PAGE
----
Just when you think it can't get any better?it does.  Two weeks ago, I joined Captain Jim Bowman on what turned out to be a great bluefin tuna trip.  We caught and released 8 fish between 100 and 150 pounds and kept a 117 pounder for the grill. Last Saturday, Jim called to tell me that his crew had caught a half dozen big bluefin an equal number of yellowfin and raised a sailfish.  I dropped what I was doing and joined was in Hatteras Sunday morning. We ran 20 miles to the temperature break through dense fog and slick calm seas.  When we hit 66 degree water the mate put out the first bait.  He was handing the rod up to the bridge when it was almost ripped from his hands. For the rest of the morning we were either fighting a fish or running back to the mark. After a couple hours of hard cranking, the guys took a lunch break and Jim ran us deeper in search of yellowfin and billfish.  All we found was 4 knots of current and no fish. So Jim turned us back towards the break and the fish. As soon as we reached the edge of the Gulf Stream, we were covered up again. All at once, six baits disappeared into explosions of spray and after an hour the guys had released 5 more fish. Then we stopped and chunked with cut menhaden and had tuna rolling all around the boat. By late afternoon, the fog lifted and we left the tuna biting to head back to Hatteras. 

Anglers have been waiting all winter for big wahoo to show up off Ocean Isle, North Carolina. "The wait is over," announced Captain Roger Gailes on World Cat out of Ocean Isle Fishing Center Gailes reported that wahoo over 100 pounds were brought to the scales this week along with dolphin and blackfin tuna. The fish were caught at the Black Jack, 100/400, and Steeples on rigged ballyhoo, but crews targeting wahoo were having the best success trolling at 10 to 12 knots with Black Bart lures.  Gails added that no one has to wait for red fish on the Intracoastal.  "Reds have been here all winter," he said.  The fish are being caught around the bridges and docks with Berkley Gulp. "The fishing has been pretty good and it's getting better," he said.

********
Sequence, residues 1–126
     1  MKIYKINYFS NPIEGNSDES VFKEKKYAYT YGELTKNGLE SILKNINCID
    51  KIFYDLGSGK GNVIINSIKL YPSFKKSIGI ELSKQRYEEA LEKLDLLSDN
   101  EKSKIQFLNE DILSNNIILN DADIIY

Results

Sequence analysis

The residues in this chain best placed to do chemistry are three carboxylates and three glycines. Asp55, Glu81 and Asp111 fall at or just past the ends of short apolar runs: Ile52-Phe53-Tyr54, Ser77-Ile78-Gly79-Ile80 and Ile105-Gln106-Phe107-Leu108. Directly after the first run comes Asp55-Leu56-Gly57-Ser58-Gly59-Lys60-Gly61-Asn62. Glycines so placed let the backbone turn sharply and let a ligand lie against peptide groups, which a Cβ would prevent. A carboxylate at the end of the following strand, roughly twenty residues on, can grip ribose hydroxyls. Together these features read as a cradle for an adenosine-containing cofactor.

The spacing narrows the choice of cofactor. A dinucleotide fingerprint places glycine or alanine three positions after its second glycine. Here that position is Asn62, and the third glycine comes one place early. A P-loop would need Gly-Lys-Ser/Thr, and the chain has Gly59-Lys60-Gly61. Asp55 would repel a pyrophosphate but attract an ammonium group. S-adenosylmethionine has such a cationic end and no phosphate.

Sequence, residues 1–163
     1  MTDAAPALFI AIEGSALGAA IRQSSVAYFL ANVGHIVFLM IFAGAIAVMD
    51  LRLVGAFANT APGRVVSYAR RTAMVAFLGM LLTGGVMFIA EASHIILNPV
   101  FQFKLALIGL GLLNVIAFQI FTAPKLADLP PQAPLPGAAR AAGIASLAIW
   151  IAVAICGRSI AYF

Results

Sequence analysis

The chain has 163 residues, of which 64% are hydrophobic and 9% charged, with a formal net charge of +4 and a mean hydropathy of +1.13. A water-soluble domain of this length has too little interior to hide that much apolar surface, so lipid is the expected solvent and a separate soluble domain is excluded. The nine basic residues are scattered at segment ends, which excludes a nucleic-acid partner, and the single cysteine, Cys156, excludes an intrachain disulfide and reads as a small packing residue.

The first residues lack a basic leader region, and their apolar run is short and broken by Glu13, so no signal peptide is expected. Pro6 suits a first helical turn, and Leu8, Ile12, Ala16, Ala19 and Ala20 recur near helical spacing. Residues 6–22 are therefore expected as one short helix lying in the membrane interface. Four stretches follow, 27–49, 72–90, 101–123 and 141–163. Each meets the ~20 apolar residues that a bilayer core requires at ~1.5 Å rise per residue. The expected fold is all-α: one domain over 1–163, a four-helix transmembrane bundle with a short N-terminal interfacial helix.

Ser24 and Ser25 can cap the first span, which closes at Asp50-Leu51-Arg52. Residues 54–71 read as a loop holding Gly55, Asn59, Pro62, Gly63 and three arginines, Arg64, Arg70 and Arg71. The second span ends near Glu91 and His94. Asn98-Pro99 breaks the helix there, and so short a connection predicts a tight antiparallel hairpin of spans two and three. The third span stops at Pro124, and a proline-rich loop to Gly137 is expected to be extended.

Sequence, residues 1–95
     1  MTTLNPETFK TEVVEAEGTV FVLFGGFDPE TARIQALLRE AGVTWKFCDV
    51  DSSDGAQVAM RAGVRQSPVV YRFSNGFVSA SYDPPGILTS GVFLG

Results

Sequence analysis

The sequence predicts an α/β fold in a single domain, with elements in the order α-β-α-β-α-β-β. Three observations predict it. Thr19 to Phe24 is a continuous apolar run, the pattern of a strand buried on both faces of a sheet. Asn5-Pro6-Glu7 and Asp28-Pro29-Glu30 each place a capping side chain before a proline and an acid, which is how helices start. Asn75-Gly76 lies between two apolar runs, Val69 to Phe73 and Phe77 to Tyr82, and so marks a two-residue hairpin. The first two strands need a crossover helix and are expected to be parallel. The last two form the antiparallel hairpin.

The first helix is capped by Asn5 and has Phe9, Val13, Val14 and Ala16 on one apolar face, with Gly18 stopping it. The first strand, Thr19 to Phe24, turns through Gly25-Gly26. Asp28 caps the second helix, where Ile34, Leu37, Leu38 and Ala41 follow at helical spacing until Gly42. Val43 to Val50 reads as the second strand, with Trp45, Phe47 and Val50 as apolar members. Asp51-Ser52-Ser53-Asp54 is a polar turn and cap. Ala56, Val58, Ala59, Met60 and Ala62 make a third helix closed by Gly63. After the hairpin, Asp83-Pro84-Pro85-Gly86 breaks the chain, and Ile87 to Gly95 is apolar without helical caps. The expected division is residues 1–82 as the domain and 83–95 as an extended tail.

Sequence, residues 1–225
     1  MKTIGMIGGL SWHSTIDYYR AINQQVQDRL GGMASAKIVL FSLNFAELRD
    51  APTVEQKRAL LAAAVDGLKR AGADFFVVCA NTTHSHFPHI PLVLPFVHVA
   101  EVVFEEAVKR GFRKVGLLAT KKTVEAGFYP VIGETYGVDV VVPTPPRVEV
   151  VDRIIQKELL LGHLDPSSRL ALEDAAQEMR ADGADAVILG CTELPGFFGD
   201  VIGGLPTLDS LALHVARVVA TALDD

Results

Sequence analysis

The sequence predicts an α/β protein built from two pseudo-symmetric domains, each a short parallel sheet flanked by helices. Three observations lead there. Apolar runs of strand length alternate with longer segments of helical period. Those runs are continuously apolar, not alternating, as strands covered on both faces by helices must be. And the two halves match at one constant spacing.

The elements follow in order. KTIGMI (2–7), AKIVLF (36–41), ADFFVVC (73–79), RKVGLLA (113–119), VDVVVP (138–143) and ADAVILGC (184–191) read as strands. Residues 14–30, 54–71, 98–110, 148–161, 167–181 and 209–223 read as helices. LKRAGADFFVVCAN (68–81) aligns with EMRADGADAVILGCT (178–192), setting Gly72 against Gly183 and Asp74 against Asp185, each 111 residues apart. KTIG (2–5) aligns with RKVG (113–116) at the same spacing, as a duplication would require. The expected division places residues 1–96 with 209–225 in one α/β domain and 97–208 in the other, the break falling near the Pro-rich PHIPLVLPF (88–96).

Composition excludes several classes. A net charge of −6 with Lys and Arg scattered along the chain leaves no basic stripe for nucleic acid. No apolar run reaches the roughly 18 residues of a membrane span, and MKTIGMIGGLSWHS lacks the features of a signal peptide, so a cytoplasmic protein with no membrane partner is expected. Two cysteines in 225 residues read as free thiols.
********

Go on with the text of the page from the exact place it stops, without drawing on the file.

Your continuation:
Is it winter or what?  That's what anglers on the Mid Atlantic are asking after another spectacular week of fishing.  Ken Neill and crew ran to the 100 fathom line out of Virginia Beach and found warm water and big bluefin tuna. The guys landed a hundred-pounder and lost another fish.  With their bluefin card punched, they turned to target bottomfish catching a limit of big blueline tiles and sea bass up to 7 pounds.  Farther south, Captain Jim Bowman had Marlin Mania out of Hatteras almost every day last week. He continued to score big bluefin by trolling ballyhoo and Ilanders.  "I would mark the fish and we would get covered up," he told us. At one point, Jim had 7 bluefin in the baits at one time. Later in the week, he found yellowfin tuna and big dolphin.  "I hope that's a sign of things to come," he said. 

According to Captain Mike McDonald, the puppy drum around Georgetown, South Carolina are still in the winter pattern.  "The fish are holding in deep holes in the oyster beds," he explains.  Mike has been finding water temps between 55 and 63 in the back creeks and up to 70 on the shallows.  He's catching drum and a few trout in the knee-deep depressions in the oyster bars on an outgoing tide.  The best place has been Winyah Bay and the best bait has been a soft plastic jig on a ¼ to 1/8 ounce jig head.  "Work it real slow," Mike instructs his anglers.  He added that black drum are hanging in the same areas looking for a piece of shrimp on a Carolina rig with a 1/0 hook and ½ ounce eggsinker.  Mike looks for the trout fishing to pick up by the end of the month.  "They'll first show up in 7 to 11 feet of water, and then move to 3 to 8 feet.  Tof find reds and trout, Mike will work the banks of the rivers and creeks with a soft plastic jig. "We'll beat the banks for in close for reds and out deeper for the trout," he says.  - Ric Burnley